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$190m deal to boost GPS will benefit EMS aviation

written by Adam Thorn | May 31, 2023

Australia and New Zealand have signed a $190 million deal with Inmarsat to improve the accuracy of GPS signals to as little as 10 centimetres.

The development has the potential to revolutionise aviation by allowing emergency service aircraft to land more safely in areas without air traffic control access.

It would also provide assistance to larger aircraft landing in remote aerodromes or in times of poor weather and visibility.


The new, 20-year agreement will allow “SouthPAN” to be broadcast from one of Inmarsat’s upcoming I-8 satellites from 2027.

SouthPAN is a Satellite-Based Augmentation System (SBAS) that provides huge improvements to positioning and navigation systems, using a combination of reference stations, telecommunications infrastructure, computing centres, signal generators, and satellites.

Lockheed Martin won a $1.18 billion contract to help oversee the project late last year and will specifically build its ground segment.

The service has been live since 2022, but will only formally broadcast from 2027, with more critical “safety of life” services coming in 2028. An additional satellite is also being procured to provide SouthPAN services.

Geoscience Australia, the lead Australian government agency, said the Inmarsat deal would provide “redundancy and resilience” in SouthPAN that would enable critical applications to use it.

“These services will be accessed or used by end users engaged in operations where life could be at risk, like landing an aircraft at an airport,” said Geoscience.

SouthPAN works by using a number of distributed ground stations to monitor signals broadcast by Global Navigation Satellite System (GNSS) satellites. It then compares each station’s known location with position data from the satellites.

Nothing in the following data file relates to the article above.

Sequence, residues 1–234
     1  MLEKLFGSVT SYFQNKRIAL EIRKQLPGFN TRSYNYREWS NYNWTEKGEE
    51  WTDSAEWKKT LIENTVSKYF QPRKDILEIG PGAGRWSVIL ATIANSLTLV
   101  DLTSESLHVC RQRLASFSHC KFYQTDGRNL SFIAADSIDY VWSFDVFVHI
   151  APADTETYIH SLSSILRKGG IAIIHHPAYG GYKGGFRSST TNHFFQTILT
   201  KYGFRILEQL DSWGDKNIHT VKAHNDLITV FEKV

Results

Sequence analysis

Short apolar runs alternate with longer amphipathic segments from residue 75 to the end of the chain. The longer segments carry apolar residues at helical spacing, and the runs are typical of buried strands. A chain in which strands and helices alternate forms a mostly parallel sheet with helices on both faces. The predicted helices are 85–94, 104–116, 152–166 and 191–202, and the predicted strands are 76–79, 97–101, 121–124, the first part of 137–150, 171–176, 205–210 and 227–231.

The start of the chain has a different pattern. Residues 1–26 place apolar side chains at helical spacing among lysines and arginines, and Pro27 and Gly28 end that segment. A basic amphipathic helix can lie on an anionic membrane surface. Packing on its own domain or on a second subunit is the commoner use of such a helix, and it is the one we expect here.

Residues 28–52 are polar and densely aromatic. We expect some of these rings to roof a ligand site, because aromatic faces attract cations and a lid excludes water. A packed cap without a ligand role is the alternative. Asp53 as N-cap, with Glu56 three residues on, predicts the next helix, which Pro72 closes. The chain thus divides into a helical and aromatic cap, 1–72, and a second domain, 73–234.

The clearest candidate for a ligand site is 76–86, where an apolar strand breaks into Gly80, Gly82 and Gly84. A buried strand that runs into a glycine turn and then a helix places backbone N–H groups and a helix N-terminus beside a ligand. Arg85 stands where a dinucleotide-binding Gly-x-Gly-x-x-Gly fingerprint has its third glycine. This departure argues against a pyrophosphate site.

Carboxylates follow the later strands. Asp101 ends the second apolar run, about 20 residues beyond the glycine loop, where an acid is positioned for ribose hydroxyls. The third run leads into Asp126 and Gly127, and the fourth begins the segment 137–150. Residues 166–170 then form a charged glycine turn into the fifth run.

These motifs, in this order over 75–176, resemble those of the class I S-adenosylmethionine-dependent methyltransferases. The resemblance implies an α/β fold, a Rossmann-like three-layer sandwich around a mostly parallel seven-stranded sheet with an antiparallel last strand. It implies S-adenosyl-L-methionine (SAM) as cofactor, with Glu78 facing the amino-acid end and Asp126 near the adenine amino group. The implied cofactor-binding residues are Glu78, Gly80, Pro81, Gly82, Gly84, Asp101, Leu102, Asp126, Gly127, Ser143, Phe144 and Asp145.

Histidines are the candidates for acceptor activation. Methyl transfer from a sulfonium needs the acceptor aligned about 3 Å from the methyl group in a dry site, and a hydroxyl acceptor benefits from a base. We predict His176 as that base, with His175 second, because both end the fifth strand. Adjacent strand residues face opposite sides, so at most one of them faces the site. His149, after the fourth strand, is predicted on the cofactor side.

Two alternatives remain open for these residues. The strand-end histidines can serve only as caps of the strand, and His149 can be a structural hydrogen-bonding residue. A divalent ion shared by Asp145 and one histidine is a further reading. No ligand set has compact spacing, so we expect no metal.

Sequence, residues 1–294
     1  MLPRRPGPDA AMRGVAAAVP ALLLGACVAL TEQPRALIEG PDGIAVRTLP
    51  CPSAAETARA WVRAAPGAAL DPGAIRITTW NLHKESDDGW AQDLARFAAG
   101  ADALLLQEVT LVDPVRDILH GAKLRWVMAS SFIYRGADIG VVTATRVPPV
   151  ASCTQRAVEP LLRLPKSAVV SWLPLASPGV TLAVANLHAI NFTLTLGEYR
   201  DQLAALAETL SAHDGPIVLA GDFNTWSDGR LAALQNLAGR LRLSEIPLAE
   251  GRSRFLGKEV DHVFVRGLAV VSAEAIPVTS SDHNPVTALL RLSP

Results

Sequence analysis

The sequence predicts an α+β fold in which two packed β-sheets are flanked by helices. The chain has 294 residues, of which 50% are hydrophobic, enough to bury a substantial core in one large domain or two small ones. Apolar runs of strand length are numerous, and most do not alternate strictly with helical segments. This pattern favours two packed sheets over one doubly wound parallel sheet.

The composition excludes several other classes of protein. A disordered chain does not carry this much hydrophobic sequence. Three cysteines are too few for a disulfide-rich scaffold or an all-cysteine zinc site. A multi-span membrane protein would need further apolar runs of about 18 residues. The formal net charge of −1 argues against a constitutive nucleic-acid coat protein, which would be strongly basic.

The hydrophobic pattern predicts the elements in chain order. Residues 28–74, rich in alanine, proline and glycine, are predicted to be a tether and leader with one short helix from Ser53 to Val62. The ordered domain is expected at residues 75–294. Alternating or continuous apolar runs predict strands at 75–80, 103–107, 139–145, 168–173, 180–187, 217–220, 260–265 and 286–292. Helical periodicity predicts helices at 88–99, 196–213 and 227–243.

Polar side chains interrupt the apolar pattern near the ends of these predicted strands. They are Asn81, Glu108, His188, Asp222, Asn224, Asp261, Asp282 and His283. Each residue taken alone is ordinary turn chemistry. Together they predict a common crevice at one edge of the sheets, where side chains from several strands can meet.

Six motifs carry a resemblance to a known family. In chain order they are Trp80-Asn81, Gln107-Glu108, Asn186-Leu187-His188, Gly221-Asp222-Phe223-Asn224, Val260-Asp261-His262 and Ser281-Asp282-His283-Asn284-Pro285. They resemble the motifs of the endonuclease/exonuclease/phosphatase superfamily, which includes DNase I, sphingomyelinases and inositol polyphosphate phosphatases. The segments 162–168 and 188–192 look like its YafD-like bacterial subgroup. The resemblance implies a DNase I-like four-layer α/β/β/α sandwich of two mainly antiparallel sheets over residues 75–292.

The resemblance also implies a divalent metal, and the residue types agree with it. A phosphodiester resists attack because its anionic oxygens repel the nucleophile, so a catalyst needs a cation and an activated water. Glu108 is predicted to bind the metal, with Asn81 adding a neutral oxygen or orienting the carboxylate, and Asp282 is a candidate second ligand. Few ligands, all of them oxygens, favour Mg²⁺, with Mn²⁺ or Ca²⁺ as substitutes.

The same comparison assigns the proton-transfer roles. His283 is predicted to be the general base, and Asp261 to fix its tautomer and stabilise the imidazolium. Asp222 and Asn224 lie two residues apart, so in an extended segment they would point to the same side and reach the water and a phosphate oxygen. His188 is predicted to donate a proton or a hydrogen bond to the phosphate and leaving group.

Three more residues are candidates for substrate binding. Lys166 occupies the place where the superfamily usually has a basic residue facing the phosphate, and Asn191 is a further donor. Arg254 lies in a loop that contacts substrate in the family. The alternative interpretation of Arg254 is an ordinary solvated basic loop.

“The GNSS signal data and measurement information is sent to correction processing facilities,” explains Geoscience.

“The facilities aggregate the data from all ground stations, produce error corrections and status information about the GNSS satellites, and format the data in a standardised series of messages.

“These messages are sent to an uplink station, which transmits data to a satellite in geostationary Earth orbit.

“The data is broadcast to all precise positioning users, who combine SouthPAN’s data with their own observations of GNSS satellites.”

It comes after Australian Aviation previously reported how Canberra-based Skykraft launched the first of a constellation of satellites earlier this year that will provide space-based air traffic management technology.

The satellites have been designed to provide better monitoring of aircraft by covering current gaps in Australia’s air traffic management systems.

As part of their operations, the satellites will foster improved communication with aircraft and may improve the efficiency of routes as well as help aircraft avoid turbulence.

Skykraft has subsequently agreed a deal with NZ air traffic control provider Airways New Zealand to bring better information to pilots flying over remote and oceanic regions.

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